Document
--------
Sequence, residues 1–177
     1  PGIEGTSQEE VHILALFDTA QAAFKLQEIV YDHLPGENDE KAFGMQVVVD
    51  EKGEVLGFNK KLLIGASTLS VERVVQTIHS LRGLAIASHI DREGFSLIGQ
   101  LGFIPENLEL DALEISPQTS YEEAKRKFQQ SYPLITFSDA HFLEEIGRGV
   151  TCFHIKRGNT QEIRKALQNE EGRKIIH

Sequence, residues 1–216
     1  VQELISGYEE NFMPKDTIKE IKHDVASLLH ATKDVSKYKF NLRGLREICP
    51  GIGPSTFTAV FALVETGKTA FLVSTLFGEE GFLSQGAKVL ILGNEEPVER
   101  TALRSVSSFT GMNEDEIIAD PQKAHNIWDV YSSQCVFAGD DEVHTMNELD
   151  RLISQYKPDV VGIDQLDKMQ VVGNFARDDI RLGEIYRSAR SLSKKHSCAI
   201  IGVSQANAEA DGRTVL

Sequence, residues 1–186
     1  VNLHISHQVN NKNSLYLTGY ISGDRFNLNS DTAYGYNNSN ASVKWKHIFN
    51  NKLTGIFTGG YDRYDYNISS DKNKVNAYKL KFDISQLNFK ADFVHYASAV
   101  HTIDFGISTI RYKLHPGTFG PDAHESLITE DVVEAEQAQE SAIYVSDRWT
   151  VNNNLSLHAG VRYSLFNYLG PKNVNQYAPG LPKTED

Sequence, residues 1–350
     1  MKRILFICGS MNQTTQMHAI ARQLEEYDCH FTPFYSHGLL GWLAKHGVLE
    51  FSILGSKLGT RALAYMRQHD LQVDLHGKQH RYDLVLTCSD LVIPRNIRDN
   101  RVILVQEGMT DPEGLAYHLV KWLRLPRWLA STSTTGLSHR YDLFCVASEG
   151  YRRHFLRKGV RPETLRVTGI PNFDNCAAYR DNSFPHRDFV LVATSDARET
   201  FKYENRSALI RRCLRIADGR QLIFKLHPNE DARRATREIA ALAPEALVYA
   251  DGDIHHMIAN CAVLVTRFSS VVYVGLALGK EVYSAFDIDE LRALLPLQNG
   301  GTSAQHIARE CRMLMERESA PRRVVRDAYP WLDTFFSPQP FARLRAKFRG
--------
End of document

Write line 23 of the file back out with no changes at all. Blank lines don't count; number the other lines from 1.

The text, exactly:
   251  DGDIHHMIAN CAVLVTRFSS VVYVGLALGK EVYSAFDIDE LRALLPLQNG